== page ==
The rates of new lung cancer cases in the United States dropped among men in 35 states and women in 6 states between 1999 and 2008, according to a new report by the Centers for Disease Control and Prevention (CDC). Among women, lung cancer incidence decreased nationwide between 2006 and 2008, after increasing steadily for decades.

According to the report, published in the CDC’s Morbidity and Mortality Weekly Report, the decrease in lung cancer cases corresponds closely with smoking patterns across the nation. In the West, where smoking prevalence is lower among men and women than in other regions, lung cancer incidence is decreasing faster. The report points out that studies have shown declines in lung cancer rates as soon as 5 years after smoking rates decline.

The report also noted that states that make greater investments in effective tobacco control strategies see larger reductions in smoking; and the longer they invest, the greater the savings in smoking-related health care costs. Such strategies include higher tobacco prices, media campaigns, 100% smoke-free policies, and easily accessible quitting treatments and services for those who want to quit.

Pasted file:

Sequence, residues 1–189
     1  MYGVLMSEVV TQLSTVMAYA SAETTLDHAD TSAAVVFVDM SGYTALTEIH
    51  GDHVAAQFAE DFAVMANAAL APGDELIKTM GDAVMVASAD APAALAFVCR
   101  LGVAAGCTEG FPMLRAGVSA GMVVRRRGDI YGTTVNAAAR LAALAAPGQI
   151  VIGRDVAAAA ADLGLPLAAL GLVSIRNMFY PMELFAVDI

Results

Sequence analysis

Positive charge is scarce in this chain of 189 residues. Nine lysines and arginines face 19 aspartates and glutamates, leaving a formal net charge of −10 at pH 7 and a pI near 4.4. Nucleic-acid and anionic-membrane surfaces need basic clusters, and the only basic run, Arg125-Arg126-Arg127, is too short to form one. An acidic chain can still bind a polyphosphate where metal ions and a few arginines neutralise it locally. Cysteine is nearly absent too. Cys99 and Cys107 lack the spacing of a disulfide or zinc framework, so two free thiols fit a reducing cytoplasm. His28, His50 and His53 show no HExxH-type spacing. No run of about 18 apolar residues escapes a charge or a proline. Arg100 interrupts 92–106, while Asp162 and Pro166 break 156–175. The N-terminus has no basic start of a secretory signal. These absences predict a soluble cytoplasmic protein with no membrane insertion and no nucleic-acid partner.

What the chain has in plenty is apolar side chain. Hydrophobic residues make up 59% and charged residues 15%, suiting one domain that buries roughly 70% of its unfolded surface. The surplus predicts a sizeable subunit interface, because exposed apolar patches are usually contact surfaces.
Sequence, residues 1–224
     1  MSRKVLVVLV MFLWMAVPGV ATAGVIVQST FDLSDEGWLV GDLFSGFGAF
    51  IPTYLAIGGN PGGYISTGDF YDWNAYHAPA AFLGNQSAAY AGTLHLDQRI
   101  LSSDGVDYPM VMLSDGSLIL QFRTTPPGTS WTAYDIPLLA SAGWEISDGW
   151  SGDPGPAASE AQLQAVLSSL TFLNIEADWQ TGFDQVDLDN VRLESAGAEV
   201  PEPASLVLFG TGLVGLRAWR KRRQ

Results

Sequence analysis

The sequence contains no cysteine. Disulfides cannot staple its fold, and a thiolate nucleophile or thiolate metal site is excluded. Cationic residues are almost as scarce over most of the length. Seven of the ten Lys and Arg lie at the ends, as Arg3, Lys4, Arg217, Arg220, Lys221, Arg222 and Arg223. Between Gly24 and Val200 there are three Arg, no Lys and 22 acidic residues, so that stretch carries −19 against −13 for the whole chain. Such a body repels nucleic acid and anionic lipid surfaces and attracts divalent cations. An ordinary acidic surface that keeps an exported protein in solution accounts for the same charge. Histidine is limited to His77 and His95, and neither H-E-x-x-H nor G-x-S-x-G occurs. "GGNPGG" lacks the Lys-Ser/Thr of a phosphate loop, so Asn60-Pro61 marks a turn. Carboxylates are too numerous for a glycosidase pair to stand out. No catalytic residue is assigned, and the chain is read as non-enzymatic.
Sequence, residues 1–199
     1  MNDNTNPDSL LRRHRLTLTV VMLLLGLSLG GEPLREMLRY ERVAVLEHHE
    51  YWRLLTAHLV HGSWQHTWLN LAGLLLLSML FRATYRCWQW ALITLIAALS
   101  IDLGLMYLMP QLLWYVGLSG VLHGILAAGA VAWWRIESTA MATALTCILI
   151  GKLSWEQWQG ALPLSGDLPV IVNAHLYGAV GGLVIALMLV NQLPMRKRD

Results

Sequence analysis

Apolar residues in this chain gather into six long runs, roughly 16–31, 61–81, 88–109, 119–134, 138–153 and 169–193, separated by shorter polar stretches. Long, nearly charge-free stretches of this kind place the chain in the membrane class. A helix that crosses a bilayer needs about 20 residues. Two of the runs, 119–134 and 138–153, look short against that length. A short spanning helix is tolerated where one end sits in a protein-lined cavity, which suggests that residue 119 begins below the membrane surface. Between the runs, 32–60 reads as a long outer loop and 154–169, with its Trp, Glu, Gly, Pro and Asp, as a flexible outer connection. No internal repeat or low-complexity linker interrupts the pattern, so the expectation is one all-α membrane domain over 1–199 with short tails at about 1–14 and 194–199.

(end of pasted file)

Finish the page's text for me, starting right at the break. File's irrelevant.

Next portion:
For this report, researchers analyzed lung caner data from CDC’s National Program of Cancer Registries and the National Cancer Institute’s Surveillance, Epidemiology and Results Program. They estimated smoking behavior by state using the CDC’s Behavior Risk Factor Surveillance System.

Source: Centers for Disease Control and Prevention